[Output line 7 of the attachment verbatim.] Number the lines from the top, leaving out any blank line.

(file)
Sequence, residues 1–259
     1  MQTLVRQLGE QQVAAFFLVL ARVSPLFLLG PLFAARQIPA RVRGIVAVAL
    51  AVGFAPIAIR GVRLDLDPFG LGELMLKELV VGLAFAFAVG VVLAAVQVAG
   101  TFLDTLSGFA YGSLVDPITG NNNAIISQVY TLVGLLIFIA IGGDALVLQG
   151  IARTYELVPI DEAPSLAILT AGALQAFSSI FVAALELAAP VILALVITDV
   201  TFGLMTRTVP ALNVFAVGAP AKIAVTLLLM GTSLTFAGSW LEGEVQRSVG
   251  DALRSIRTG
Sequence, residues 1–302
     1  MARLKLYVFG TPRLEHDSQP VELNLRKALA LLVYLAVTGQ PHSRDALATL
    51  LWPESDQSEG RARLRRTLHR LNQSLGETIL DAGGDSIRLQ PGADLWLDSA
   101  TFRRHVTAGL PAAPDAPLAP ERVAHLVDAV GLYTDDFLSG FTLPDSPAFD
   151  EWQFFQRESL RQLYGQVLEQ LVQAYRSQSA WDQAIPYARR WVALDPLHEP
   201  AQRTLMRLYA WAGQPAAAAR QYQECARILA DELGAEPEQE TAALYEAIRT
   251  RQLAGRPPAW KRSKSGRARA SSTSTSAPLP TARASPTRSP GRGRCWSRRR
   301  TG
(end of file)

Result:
   251  DALRSIRTG